Inside Morris’s heartbreaking farewell to players
Axed coach John Morris has given a teary farewell speech to his Cronulla Sharks players before the team boarded a bus for Newcastle on Thursday to play the Knights.
Invited to speak to the team by caretaker coach Josh Hannay, Morris broke down as he wished the players success for the remainder of the season.
According to one official inside the room, Morris told the players they could still make the finals and that he would be cheering for them from a distance.
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"John got very emotional," the official said, "and so did a few of the players. Not necessarily about the manner in which he was sacked but the fact he was so attached to the younger players.
"He spoke beautifully and said he'd be cheering for them for the remainder of the season."
A number of the younger players fought back tears.
It was the first opportunity Morris has had to speak to the group since his sacking on Tuesday, less than 24 hours after chief executive Dino Mezzatesta had insisted no decision had been made.
He has been inundated with text messages of support from the players.
A number of the players, especially the rookies Morris introduced to NRL, are angry about the manner in which he was dumped.
But Morris urged the team to stick together to concentrate on beating the Knights.
"He spoke about Newcastle's home ground where he made his own debut and the hometown pride," the official said, "He told the boys they had to forget about what's happened."
NRL PODCAST: Buzz, Mick and Mobbsy slam the Sharks' treatment of John Morris and the embarrassing Wests Tigers' performance, while defending Penrith's 'mug lairs'.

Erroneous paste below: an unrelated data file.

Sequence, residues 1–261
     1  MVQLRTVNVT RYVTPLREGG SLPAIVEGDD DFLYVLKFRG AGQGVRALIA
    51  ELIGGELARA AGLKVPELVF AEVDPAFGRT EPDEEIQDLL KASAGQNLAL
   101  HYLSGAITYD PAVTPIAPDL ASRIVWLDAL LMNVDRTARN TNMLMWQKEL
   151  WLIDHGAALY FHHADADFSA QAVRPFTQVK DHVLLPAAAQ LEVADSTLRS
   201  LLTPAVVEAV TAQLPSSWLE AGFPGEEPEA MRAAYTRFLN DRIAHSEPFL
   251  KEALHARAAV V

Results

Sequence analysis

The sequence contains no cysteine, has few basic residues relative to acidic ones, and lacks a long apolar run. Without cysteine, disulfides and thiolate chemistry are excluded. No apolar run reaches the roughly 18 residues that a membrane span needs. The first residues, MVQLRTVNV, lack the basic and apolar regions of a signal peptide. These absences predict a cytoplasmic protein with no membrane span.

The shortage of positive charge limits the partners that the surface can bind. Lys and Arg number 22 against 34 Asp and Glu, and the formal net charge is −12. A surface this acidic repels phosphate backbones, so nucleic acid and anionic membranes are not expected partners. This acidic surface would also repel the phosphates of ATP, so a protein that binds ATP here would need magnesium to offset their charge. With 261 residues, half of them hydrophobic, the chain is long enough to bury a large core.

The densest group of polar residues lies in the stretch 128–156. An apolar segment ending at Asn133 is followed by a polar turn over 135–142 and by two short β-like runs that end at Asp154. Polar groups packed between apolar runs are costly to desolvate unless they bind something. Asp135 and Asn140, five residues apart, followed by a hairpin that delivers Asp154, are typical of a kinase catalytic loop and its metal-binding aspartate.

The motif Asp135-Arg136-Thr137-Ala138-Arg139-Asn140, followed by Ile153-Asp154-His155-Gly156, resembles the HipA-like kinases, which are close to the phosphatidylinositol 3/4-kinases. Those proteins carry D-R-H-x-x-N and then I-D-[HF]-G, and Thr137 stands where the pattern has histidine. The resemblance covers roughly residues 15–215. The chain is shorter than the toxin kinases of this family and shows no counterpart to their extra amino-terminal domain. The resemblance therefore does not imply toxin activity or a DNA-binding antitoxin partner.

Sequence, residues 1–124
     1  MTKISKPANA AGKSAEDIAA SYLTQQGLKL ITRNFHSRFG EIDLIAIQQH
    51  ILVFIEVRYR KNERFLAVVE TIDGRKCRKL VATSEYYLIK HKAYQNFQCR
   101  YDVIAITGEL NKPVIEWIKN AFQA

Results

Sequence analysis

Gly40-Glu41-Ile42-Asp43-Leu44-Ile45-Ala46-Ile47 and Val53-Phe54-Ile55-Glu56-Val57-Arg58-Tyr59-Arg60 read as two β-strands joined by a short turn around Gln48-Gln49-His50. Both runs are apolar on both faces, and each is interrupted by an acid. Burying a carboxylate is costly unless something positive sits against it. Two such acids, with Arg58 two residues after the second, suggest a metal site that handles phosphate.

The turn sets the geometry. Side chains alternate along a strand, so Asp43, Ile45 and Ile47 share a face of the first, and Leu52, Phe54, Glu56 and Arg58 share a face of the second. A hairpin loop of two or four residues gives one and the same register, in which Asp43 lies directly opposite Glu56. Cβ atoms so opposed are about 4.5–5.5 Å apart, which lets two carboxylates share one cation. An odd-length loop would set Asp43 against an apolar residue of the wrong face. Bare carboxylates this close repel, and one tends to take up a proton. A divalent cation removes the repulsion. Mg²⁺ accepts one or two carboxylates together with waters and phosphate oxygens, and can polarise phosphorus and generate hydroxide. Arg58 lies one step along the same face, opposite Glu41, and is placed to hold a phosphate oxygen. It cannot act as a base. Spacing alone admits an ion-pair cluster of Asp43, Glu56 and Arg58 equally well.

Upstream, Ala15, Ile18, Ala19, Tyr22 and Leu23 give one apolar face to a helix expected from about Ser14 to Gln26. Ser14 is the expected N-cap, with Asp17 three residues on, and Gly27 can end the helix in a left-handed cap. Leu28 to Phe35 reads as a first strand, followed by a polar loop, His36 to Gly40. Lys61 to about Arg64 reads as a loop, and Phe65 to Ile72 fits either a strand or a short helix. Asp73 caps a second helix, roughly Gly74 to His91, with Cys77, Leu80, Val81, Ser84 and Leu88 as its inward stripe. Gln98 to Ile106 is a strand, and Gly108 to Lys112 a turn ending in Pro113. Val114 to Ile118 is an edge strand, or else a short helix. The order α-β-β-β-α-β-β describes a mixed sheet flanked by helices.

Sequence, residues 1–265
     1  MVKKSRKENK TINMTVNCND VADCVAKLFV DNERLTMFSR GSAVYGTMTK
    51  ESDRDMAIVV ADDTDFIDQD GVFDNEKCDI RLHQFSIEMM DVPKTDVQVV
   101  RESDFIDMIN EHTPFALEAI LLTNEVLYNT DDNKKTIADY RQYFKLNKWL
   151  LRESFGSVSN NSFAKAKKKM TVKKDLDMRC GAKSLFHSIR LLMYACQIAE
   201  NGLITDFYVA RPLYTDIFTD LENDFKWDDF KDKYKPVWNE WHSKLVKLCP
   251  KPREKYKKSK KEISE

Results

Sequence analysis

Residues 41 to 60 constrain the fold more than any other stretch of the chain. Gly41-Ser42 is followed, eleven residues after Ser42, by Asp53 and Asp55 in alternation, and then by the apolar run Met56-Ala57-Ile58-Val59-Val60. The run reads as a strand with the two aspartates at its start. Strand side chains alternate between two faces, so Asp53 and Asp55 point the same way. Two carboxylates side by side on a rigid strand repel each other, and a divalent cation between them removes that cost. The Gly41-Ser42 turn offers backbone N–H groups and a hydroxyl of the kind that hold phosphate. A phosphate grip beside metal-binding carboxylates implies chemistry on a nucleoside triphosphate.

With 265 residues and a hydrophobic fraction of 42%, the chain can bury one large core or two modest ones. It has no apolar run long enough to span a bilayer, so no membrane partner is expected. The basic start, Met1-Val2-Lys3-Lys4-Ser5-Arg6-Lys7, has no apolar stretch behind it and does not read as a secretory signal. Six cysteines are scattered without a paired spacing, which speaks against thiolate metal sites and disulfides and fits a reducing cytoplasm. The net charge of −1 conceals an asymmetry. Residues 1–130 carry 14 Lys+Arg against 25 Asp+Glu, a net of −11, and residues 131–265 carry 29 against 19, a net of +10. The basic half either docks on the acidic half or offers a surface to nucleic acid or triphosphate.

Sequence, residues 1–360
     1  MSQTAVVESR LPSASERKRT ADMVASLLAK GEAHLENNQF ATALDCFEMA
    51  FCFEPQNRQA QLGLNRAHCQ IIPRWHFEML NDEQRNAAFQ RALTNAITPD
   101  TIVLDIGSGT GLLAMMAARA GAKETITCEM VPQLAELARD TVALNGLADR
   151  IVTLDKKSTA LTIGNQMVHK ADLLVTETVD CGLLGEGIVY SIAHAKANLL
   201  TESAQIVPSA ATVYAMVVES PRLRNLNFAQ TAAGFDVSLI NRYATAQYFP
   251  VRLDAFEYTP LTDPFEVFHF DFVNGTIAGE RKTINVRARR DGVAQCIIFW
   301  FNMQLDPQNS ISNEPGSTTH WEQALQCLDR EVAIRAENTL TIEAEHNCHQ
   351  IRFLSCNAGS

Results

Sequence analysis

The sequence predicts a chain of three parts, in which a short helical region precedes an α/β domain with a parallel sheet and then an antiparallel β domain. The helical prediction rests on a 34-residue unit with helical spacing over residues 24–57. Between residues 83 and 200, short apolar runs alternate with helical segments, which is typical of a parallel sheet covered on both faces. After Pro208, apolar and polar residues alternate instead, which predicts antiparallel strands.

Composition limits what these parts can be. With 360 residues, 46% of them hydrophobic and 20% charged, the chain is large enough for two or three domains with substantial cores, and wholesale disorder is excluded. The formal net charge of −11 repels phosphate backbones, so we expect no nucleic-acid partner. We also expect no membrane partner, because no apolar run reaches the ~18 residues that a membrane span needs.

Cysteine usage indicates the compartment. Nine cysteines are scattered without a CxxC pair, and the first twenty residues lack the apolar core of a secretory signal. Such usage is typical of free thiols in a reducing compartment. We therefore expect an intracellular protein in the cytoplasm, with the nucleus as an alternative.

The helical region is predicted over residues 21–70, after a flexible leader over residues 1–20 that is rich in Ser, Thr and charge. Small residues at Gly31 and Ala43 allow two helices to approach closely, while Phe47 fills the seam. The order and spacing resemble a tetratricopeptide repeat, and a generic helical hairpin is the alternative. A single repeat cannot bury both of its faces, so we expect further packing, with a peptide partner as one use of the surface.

Morris declined to comment when contacted by The Daily Telegraph.
"I appreciated the opportunity to say goodbye but what was said was private and between me and the players," Morris said.
The Sharks need to knock off the Knights to prove they are a genuine top eight chance.
They butchered a certain two points against the Roosters last weekend, blowing a huge lead in the final 20 minutes.
The Sharks play the Bulldogs next weekend followed by a tough six weeks with two games against the Panthers, and matches against Storm, the Rabbitohs, the Dragons and the Titans.
SACKED COACHES TREATED LIKE ROAD KILL
By Dean Ritchie
A director of the Rugby League Coaches Association has claimed coaches ruthlessly sacked mid-season - like Cronulla's John Morris - are treated like "road kill, dirty laundry and collateral damage".
The RLCA's Tim Fuller, also a leading sports lawyer, has demanded the NRL introduce standardised contracts to ensure dumped coaches like Morris are given more financial protection.
Fuller said NRL clubs can escape significant payouts for axing a coach because a coaching contract - unlike that of a player - isn't registered with the NRL.
The Brisbane-based lawyer, who represented swimmer Shayna Jack, said Morris, the NRL's lowest paid coach, probably signed an individual employment contract and could have been bundled out with a modest four-week payout of less than $30,000.
Fuller claimed that to be "completely unacceptable" and "not good enough".
A former South Sydney and Gold Coast player, Fuller called on the NRL to intervene immediately and ensure coaches sign the same NRL contracts as players. That, Fuller says, will give coaches some protection against mid-season sackings and modest payouts.